I remember the pain, maybe earlier than I remember the thoughts that yearned toward questions. A friend, older once, and no so empty. He was twenty and now he seems to notice all too well my sixteen-year old girl friend. Where have his years gone? The wind walks louder against my window’s side of night and shadow. And the music seems never still, so far away. A corner on a Brooklyn street, lives a chilled Autumn night, there across from an Army Recruiting station. Phil Ochs’ words and my brother’s guitar, we played with the others in our array of worn jackets, riding on the love of that moment. Yes, "The Tears of Rage" fell to me easier there and o that day. "Hell no! We won’t go!" Would I! Just months yet to decide. Was I a man or a child afraid. Should I have died in the land of death and nothing more, with just a flower in my gun? Or, was there fear in my eyes? I would slip out to Canada?/ No, it was too far from those returning eyes; those for which Bobby and Martin died, those for which without reason, my youth seemed to cry out in pain.
Was it 1959, in Opa Locka, Florida? I was a child, definitely, walking those nowhere streets, knowing how littler, How ever little. "Hey, Cathy (a sister), look, there are two water fountains. Why are you drinking from the one that says WHITE,, water’s no fun/" "I’m drinking from the COLORED one, yeah." "Billy, get back from that fountain!" And I have still no memory of an answer to my child’s whys. Just answers to my older sighs, and maybe unsung tears, when age and memory passed in my youth Raging by. /Blowin’ in the Wind/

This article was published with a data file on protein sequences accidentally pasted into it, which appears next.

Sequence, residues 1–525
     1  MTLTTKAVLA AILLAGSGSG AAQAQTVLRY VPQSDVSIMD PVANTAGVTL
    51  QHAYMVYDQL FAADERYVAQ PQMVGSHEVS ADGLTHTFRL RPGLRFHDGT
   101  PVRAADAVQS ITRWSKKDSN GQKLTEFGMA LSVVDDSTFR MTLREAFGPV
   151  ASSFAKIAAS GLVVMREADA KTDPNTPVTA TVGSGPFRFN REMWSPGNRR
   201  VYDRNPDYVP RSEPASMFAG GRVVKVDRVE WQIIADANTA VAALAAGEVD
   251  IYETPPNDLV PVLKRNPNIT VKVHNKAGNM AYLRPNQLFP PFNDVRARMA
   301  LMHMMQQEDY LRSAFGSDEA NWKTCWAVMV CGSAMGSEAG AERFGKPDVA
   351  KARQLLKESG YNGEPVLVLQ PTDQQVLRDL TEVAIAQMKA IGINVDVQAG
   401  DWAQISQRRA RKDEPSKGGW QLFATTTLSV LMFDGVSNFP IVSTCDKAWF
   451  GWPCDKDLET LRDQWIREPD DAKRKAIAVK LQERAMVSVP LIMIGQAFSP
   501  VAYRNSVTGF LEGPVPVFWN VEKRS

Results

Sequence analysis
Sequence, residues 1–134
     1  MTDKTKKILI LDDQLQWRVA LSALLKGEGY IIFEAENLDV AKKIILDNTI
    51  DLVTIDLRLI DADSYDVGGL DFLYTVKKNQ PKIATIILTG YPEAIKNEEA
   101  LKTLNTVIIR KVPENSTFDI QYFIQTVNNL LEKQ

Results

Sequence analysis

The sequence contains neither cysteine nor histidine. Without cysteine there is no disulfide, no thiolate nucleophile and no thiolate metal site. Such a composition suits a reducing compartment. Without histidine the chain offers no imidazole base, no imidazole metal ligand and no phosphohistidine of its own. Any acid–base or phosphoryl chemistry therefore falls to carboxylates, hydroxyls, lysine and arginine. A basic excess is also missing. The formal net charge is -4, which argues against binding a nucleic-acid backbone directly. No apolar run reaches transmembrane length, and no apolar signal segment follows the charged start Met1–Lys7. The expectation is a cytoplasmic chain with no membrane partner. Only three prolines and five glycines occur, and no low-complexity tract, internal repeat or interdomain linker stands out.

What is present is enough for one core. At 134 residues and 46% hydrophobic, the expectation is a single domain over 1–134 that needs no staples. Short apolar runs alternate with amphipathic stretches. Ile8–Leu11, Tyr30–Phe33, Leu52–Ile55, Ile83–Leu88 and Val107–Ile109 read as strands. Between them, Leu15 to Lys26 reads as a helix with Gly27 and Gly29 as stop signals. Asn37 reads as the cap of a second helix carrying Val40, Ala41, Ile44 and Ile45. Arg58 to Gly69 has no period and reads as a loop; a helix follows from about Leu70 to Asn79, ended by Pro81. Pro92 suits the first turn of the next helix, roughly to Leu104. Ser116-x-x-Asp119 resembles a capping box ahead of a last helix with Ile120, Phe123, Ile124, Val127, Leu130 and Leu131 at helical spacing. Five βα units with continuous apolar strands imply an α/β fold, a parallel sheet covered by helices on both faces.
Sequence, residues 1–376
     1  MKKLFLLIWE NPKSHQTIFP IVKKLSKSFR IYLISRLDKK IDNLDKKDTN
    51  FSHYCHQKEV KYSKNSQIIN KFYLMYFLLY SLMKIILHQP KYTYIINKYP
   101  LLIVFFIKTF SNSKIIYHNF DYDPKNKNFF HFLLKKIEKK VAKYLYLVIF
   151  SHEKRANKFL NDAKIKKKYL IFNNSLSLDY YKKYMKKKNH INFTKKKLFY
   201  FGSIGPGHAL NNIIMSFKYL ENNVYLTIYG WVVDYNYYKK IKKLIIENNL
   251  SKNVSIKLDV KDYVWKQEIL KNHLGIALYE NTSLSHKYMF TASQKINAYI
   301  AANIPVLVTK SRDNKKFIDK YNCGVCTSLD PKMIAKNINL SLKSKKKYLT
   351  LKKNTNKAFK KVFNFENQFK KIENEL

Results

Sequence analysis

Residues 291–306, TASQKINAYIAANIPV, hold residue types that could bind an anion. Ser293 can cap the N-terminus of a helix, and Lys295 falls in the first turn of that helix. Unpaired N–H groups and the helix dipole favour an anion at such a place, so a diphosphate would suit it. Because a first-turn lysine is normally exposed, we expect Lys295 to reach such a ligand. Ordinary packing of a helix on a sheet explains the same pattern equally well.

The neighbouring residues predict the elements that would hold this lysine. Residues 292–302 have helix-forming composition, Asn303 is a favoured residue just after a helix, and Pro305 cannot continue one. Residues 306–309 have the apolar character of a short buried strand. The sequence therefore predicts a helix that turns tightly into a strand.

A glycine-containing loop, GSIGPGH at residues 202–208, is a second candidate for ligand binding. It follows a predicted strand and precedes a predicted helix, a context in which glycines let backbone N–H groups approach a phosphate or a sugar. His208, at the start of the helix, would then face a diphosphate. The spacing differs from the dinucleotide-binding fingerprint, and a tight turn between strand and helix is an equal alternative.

My hair falls around my shoulders to play through my vision. The Rocky Mountain Stage and a wind turning night is a flash within my eyes, more than a memory, a feeling. Another Poem to ease that Rage, more words dare I write, longing for tomorrow. But is it tomorrow already, Who asks, who too often has asked? And have I yet asked myself, (Why don’t I cut my hair)?
Was it just the war of so long ago? Is it the 50,000 still dead, the 50,000 whose bodies still can’t decide or reside, or the 500,000 never to be young again. Their badges are rarely noticed anymore, finding what as I reach to validate my still eternal Rage. Is it my eyes or their who still seem to find me?
It wasn’t his name but his touch that made me feel something. Maybe he was older than I, but of an age not too far away. Just June 1981, not time enough to really become a memory. Just another day at work, filled with Classical composers and all such wandering evenly in the closed depths of their own social field. And all the sweet protagonists. Widowed and far past youth, and maybe even farther past middle age. What dead man’s music or name still carries this woman. Working for free and what demands fill this woman’s stage. And how dare could she have noticed the despair of the us and its eternal inflation, infliction on how many of us?